One of the frequent sayings on the stock markets is sell in May and go away, in allusion to the volatility on the equity markets in the summer period, a situation that begs us to ask if, in this period, the markets could undergo some kind of turbulence or volatility.
Taking the S&P500 from 1928 as our reference, the average yield in August, September and October is negative (between -0.1% and -1.6%) and less than half the times the market reports positive returns. In other words, the likelihood of corrections in the summer is statistically high and today, bearing in mind that the main US indices are at all-time highs, that prices are overstretched in some niche ideas and that some sentiment indices are suggesting complacency on the markets, it seems reasonable to assume that this summer could be accompanied by volatile movements on the equity markets.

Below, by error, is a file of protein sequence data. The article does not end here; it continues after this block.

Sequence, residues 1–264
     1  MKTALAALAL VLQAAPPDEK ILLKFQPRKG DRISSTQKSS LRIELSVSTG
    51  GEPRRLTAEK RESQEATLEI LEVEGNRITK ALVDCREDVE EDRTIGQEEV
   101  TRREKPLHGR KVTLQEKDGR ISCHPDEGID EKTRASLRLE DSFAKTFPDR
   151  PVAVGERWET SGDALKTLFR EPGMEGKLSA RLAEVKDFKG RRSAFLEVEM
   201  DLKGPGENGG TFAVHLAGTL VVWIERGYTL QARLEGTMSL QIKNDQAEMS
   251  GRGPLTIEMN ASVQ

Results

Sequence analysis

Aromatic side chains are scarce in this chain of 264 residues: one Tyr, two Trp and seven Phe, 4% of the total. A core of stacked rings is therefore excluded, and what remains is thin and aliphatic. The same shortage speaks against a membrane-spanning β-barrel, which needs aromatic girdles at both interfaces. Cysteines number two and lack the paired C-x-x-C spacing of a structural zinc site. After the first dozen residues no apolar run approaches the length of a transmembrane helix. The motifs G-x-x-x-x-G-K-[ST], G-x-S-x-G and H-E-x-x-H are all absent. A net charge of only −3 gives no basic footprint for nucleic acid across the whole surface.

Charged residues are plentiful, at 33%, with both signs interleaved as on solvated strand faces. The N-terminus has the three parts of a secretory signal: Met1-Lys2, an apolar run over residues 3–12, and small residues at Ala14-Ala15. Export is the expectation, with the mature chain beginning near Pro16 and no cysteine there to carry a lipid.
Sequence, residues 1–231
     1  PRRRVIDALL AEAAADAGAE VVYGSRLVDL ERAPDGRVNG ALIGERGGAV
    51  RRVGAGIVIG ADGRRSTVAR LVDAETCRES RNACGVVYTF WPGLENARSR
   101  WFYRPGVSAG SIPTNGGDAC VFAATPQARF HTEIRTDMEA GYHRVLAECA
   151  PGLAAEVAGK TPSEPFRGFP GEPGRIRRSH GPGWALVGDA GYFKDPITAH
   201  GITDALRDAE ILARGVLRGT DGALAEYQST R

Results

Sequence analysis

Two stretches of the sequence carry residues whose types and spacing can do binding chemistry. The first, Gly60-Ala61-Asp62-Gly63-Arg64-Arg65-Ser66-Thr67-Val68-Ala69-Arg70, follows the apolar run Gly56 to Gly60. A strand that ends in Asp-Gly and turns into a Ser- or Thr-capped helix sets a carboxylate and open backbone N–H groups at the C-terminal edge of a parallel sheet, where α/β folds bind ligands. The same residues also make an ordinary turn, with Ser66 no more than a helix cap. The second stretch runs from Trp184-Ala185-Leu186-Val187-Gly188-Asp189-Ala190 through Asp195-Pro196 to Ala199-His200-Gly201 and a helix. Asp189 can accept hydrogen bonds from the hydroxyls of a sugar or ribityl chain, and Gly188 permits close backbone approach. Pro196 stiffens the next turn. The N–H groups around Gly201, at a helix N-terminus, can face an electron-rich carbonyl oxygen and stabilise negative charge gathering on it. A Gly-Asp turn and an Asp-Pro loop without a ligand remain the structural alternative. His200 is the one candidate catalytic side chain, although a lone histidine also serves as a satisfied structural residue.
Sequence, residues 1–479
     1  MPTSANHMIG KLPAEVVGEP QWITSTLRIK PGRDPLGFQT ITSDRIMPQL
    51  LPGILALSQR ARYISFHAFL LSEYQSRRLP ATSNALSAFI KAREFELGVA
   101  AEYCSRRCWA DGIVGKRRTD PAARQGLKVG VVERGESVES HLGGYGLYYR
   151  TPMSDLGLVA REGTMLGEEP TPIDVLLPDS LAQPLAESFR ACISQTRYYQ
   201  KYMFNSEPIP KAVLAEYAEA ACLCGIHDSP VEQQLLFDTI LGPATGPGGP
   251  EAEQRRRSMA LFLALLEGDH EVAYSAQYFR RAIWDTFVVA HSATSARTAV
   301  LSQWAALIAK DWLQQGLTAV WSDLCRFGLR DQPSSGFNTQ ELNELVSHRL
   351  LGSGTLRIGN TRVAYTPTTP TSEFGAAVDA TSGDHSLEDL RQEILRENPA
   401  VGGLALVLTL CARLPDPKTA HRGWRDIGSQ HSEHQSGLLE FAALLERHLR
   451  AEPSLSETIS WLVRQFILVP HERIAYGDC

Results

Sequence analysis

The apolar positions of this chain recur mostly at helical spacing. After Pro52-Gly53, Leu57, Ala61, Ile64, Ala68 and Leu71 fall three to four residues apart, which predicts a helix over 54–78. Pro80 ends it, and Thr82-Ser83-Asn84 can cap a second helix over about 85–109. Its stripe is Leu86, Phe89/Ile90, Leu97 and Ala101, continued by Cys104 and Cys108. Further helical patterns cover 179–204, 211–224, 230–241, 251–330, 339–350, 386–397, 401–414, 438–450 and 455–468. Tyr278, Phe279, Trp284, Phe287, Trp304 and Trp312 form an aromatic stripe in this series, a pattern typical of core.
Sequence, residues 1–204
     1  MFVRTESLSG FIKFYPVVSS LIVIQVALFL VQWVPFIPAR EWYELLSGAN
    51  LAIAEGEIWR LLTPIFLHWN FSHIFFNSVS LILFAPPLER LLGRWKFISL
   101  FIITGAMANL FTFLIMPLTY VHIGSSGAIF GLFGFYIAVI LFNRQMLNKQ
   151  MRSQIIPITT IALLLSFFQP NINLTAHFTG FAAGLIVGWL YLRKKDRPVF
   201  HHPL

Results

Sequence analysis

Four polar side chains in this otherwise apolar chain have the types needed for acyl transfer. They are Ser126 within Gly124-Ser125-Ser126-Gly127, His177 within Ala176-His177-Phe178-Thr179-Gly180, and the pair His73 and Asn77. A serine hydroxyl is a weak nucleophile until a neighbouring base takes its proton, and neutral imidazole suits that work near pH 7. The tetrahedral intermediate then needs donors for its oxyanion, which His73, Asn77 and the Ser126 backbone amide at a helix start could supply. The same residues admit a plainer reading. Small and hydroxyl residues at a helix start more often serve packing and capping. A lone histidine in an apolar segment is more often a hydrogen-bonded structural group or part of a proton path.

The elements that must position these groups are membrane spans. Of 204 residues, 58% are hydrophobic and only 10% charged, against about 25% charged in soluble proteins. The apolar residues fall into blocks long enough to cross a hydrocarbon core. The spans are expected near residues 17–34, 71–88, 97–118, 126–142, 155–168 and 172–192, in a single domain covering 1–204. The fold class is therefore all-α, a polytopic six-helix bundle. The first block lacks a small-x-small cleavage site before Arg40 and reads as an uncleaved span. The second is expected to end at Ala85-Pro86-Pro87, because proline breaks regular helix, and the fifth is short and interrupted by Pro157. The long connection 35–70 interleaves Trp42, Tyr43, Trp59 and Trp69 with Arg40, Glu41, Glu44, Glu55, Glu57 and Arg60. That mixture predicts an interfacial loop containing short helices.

It is true that some assets are still lagging behind, such as the European indices and some EM indices, which are far off their all-time highs, but considering that the US markets account for over 50% of global equity, it is likely that corrections on the S&P 500 could, in part, affect performances of other indices.
Is the glass half empty or half full?
The seasonality of the year is not an invitation to leave equity, but rather it is a period that begs prudence and advises possible modifications in portfolios, changing those leading assets for other with higher potential, due to the fact that their performances are lagging and/or simply raising cash levels and standing by for opportunities over the next six months.
It should be underlined that while the summer period is complex, we must also emphasise that, based on past data, the period spanning November to January is extremely positive, therefore we will need “fresh ammunition” to “shoot “ at will if a market correction does occur.
The core idea in this period is prudence in the short term, thinking of closing the year with high investment levels.
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